The Phase III component of the trial will include 644 additional patients if stopping criteria are not met. As of the time of her talk, about 310 patients had been accrued, and she noted that radiation in the intervention arm is to be used selectively.

In conclusion, Schrag said: “Neoadjuvant chemotherapy strategies are an investigational approach for patients with resectable rectal cancer amenable to sphincter-sparing TME. Patients with threatened margins are inappropriate candidates for selective use of radiotherapy. Induction FOLFOX merits consideration for patients who can't have radiotherapy due to prior therapy, who have stage IV disease amenable to R0 resection, or who have suspected metastatic disease.”

She encouraged oncologists to enroll clinical stage II/III rectal cancer patients in the PROSPECT trial “to help address this ‘great debate.’”

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Michael Haddock: Chemo-radiation



“Chemo-radiation is preferred over chemotherapy alone or short-course radiation as preoperative therapy for adenocarcinoma of the rectum,” said Michael G. Haddock MD, Professor of Oncology at Mayo Clinic College of Medicine. “There is no evidence that chemo-radiation can be replaced by chemotherapy alone.”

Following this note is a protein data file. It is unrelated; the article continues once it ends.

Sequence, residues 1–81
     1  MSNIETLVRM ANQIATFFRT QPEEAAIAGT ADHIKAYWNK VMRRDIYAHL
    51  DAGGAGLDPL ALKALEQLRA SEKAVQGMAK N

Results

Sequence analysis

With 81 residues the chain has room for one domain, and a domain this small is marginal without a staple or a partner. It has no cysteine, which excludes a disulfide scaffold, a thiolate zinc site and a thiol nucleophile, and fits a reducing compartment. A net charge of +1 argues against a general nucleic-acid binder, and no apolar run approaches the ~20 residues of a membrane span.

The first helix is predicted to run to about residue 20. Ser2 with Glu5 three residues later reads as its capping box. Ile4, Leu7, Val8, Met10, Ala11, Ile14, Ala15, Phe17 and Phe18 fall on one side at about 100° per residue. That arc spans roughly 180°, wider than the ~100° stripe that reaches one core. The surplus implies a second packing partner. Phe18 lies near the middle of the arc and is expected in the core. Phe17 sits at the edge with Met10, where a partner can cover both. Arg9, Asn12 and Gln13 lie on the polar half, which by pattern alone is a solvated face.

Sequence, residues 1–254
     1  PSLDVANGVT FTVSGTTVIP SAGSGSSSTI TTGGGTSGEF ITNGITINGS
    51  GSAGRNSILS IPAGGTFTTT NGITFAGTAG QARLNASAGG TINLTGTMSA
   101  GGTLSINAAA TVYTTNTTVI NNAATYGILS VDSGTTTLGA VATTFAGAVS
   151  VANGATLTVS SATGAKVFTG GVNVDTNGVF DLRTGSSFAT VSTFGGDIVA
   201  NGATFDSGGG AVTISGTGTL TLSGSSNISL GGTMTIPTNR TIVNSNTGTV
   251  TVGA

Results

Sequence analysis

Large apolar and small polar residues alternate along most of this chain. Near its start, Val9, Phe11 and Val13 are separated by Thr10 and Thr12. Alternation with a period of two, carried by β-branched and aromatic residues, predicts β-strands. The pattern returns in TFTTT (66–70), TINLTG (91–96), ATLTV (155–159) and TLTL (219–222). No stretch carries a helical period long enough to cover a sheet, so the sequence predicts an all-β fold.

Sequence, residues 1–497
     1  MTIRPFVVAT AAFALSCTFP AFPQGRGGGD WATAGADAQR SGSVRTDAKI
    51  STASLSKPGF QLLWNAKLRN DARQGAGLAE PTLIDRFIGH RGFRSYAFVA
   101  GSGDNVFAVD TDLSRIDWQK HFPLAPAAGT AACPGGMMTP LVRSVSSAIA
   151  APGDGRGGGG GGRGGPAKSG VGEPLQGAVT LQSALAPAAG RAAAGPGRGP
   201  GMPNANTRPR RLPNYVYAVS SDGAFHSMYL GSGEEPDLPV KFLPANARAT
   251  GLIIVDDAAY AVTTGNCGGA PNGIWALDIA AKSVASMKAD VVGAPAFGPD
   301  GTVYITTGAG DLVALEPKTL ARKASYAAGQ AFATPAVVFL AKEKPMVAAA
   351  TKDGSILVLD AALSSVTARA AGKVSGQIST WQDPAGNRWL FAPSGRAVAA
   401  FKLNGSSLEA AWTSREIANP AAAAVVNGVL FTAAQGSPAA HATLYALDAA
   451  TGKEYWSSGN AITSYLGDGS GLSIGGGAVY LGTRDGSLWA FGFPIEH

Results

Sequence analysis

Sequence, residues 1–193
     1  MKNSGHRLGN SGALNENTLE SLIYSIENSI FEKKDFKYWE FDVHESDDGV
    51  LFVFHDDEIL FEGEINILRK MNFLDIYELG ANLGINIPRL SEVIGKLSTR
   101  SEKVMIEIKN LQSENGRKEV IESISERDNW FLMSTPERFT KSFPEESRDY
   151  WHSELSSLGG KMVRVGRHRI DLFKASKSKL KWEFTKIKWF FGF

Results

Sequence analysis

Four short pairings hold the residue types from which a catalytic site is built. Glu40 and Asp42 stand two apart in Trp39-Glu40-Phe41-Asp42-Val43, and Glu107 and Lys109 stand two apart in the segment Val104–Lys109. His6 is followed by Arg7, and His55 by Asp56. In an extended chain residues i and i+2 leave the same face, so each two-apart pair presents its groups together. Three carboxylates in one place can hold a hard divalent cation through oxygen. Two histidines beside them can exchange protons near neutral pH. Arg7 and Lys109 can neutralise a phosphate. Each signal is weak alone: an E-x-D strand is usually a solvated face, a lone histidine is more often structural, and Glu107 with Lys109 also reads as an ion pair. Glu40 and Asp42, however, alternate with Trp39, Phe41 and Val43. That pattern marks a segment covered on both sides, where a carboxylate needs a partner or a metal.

Preoperative therapy is indicated for patients with T3-4 disease who are node positive at any location, or for patients with T3-4 disease who have no nodes and have disease in the mid-low rectum. “If the goal is a cure, this requires elimination of locoregional disease,” Haddock said.

In the intermediate-risk group, most patients who have surgery alone do not have local recurrence. In high-risk patients, local failure is quite low. A combination of radiation therapy and chemotherapy has the lowest occurrence, and survival is better than with chemotherapy, he said.

Haddock noted that the Gastrointestinal Tumor Study Group trial in 1985 established chemo-radiation therapy as the standard of care, showing that radiation therapy plus chemotherapy improved the rates of both overall survival and local recurrence. A German Rectal Cancer Study in 2004 found that preoperative chemo-radiation improved local control and reduced toxicity, but did not affect overall survival.